East Bay Latinos under-represented in elected posts

By Denis Cuff, Contra Costa Times

Manuel Gonsalvez found many things to like when he arrived in Concord from Panama this summer seeking a new life. He found a day labor center to help him find work, housing he could afford, nice parks to stroll in and many shops and stores where employees speak Spanish.

``I need more work, but Concord is a nice place,'' he said through a translator.

What he won't find is any Latinos in local elected office. No Latino sits on the city council or on the board of the Mount Diablo Unified School District, even though Latinos make up about 22 percent of the population in Concord, the biggest city in Contra Costa County.

Concord isn't the only East Bay city where Latinos are much less common

in public office than in the community. Latinos make up 18 percent of Contra Costa County's population but hold only 5 percent of the 99 city council posts and 90 school board posts in districts overseeing elementary and high school education, according to a survey by the National Association of Latino Elected and Appointed Officials.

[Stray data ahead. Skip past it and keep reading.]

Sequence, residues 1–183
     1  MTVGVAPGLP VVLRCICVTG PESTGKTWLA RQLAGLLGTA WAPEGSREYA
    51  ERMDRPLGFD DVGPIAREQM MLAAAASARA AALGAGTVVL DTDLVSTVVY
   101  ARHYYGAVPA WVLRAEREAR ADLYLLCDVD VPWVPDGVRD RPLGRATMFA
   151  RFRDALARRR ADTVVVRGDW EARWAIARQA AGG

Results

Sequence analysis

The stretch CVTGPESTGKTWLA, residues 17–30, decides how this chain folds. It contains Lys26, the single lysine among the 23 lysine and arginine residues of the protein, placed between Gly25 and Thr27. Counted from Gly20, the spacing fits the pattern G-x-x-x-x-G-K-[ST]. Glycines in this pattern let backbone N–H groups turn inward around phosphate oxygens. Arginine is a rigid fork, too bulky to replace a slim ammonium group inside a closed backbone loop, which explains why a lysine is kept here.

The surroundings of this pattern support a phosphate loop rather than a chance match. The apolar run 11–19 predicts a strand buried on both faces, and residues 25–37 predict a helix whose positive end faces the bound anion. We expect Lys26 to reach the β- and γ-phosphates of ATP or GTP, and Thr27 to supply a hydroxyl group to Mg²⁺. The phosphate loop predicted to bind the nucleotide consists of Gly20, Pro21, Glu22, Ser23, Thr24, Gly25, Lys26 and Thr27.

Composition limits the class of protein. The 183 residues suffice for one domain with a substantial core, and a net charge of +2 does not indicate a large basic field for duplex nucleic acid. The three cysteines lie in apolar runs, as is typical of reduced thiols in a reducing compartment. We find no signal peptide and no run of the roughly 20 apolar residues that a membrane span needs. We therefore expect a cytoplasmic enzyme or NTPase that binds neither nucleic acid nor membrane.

In Alameda County, where Latinos make up 18 percent of the population, they hold just 8 percent of city council and school board posts.

``There is such an underrepresentation of Latinos that the needs of Latinos have not been completely understood and met,'' said Argentina Dávila-Luevano of Antioch, state deputy director of the League of United Latin American Citizens, a civil rights group. ``We are not getting the respect that we merit.''

On the state level, Latinos have made more gains. They occupy 22 percent of the seats in the state Legislature, where reapportionment has created several districts with heavy minority representation.

But just 14 percent of city council members statewide are Latino, mostly elected in at-large seats, according to figures from the National Association of Latino Elected and Appointed Officials.

Experts cite politics, culture, tradition and economics to explain the gap.

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